"The groundwork of all happiness is health." - Leigh Hunt

New technology guarantees higher blood oxygen levels for dark skin

July 26, 2023 – Researchers in Texas are developing a “green light” technology that they hope will solve a critical problem highlighted by the pandemic: the constraints of pulse oximeters in patients with darker skin.

A recent study supports earlier findings that their device works.

“It's a new, first-in-class technology,” said Dr. Sanjay Gokhale, the bioengineer leading the research on the University of Texas at Arlington. “The team has done extensive preclinical work and conducted Phase I trials in human volunteers to demonstrate sensitivity and accuracy.”

It is one in every of several ongoing projects to modernize pulse oximetry, a technology based on research on light-skinned people and not much has changed in 50 years.

The pulse oximeter measures the oxygen saturation in your hemoglobin (a protein in red blood cells). However, in patients with darker skin, it tends to overestimate oxygen saturation by about 2 to three%. That may not sound like much, nevertheless it's enough to delay essential treatment for respiratory illnesses like COVID-19.

“Falsely elevated readings from commercial oximeters have delayed treatment of black COVID-19 patients in some cases for hours,” said Divya Chander, MD, PhD, an anesthesiologist in Oakland, California, and chair of neuroscience at The Singularity Group. (Chander was not involved within the research at UT Arlington.)

Initial research work was carried out individually at Brown University And Tufts University goals to revamp the heart beat oximeter to offer accurate readings in patients of all skin tones. Researchers on the University of California San Diego are investigating a technique for measuring blood oxygen through the use of sound in combination with light. Other solutions try Skin tone correction with algorithms.

The UT Arlington device also uses an algorithm, but its most important innovation is that it replaces red light with green light.

Red light, green light

Conventional oximetry devices, which are frequently attached to the patient's fingertip, use LEDs to shine light through the skin at two wavelengths: one within the red a part of the spectrum, the opposite within the infrared. The light is transmitted from one side of the clip to the opposite, penetrating the arterial blood because it pulsates.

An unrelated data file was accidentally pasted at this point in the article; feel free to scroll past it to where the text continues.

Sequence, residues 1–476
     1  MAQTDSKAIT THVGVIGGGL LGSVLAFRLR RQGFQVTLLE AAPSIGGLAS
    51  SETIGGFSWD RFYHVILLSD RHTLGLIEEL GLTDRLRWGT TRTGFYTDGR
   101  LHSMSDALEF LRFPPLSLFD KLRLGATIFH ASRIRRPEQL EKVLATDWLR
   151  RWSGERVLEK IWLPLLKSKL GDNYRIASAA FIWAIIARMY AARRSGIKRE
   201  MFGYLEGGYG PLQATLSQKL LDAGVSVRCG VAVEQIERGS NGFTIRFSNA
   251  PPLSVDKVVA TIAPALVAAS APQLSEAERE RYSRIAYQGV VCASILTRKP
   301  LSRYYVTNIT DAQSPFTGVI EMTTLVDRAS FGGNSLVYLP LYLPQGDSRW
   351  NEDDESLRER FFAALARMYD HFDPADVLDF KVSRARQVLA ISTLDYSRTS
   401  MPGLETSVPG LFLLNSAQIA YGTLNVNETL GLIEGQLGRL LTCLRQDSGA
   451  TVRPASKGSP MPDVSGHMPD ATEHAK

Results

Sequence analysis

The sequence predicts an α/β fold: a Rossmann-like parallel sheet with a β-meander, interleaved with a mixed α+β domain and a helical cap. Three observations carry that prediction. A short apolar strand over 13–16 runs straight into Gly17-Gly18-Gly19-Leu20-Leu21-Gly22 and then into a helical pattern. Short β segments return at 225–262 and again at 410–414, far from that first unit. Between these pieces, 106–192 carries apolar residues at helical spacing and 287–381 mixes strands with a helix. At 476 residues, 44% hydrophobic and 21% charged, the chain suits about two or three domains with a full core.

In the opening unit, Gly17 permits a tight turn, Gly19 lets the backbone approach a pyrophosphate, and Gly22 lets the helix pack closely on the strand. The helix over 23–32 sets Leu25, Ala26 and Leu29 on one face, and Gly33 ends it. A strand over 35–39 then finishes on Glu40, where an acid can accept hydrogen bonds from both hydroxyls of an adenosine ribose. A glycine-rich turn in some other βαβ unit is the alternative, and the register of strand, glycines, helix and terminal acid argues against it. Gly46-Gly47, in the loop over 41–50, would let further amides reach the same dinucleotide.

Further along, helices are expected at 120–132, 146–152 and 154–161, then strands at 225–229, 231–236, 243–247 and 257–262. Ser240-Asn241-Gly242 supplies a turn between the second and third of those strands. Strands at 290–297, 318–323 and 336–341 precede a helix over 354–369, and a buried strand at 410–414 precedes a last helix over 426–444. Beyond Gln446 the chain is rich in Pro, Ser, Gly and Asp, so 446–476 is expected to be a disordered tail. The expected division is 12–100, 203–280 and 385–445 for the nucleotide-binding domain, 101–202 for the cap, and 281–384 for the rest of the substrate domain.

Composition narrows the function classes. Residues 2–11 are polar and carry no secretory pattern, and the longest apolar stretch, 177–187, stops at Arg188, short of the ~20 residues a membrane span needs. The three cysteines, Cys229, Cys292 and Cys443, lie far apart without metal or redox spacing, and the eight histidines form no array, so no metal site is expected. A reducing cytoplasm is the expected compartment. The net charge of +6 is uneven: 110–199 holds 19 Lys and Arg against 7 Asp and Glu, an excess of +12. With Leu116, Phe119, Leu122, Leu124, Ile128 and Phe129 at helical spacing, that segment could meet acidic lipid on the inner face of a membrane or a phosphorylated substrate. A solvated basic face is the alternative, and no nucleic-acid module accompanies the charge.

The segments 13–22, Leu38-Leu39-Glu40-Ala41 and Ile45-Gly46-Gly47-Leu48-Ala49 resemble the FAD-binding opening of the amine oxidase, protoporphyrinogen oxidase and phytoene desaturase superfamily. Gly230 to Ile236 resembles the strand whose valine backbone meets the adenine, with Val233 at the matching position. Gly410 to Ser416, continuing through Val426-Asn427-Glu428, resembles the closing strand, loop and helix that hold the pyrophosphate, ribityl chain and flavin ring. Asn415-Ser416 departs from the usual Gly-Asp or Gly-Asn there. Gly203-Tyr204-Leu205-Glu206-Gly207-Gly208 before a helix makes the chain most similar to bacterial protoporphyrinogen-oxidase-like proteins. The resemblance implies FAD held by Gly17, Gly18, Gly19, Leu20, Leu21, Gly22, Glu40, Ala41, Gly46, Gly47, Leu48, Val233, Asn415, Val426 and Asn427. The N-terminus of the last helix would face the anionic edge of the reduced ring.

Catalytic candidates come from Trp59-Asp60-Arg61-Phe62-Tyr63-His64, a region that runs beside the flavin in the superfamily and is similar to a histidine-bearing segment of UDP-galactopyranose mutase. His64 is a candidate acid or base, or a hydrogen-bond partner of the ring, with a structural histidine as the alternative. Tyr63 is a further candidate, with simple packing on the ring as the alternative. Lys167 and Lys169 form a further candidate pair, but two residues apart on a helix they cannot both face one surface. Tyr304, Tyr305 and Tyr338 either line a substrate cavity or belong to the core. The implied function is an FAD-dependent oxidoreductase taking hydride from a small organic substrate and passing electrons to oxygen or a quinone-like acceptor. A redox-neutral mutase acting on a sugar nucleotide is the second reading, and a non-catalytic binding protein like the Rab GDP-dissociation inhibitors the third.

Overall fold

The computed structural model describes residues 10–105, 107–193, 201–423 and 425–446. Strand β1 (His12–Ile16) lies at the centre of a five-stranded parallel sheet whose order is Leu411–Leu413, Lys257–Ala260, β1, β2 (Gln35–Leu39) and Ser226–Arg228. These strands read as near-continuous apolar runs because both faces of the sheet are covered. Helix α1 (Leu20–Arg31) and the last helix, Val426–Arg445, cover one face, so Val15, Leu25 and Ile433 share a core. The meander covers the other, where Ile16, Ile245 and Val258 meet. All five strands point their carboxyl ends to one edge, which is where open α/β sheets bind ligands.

The device calculates a patient's oxygen saturation based on the quantity of sunshine of every wavelength absorbed by hemoglobin within the blood. Oxygen-rich hemoglobin absorbs light otherwise than oxygen-poor hemoglobin, so oxygen saturation could be expressed as a percentage; 100% means the entire hemoglobin is fully oxygenated. However, the melanin within the skin can interfere with light absorption and affect the outcomes.

The green light method measures reflection reasonably than absorption – that's, how much light is reflected. As with conventional oximetry, the green light method uses two wavelengths. Each has a distinct shade of green, and the 2 types of hemoglobin reflect them otherwise.

Using an algorithm developed by the researchers, the device can take readings on patients of all skin tones, the researchers say. And because it really works on the wrist reasonably than the finger, the device also eliminates problems with cold fingers and dark nail polish – each of that are known to affect the accuracy of traditional oximetry.

In the latest experimentsThe researchers tested the technology on synthetic skin samples with different amounts of melanin, Gokhale said. The device detected changes in blood oxygen saturation even in samples with high melanin content.

In a study published last yearThe technology was tested on 16 people in comparison with an invasive portable blood analyzer and a noninvasive business pulse oximeter and was found to be comparable to the invasive method.

A drawback

The green light approach could possibly be “groundbreaking,” says Chander. But it also has an obstacle.

Because green light doesn't penetrate as deeply, this approach measures blood oxygen saturation in capillary beds (small blood vessels very near the skin's surface). In contrast, traditional oximetry measures oxygen saturation in a pulsating artery—hence the name pulse oximetry.

Valuable information could be obtained from the arterial pulse.

Changes within the arterial pulse, often called waveforms, “can tell us a couple of patient’s hydration status. [for instance]”, said Chander. “In a mechanically ventilated patient, this variation within the respiratory cycle may give us insight into how well the patient responds to fluid therapy when their blood pressure is just too low.”

Taking these considerations into consideration, the Greenlight method could also be useful as a complement, but not as a whole substitute for a standard pulse oximeter measurement, noted Chander.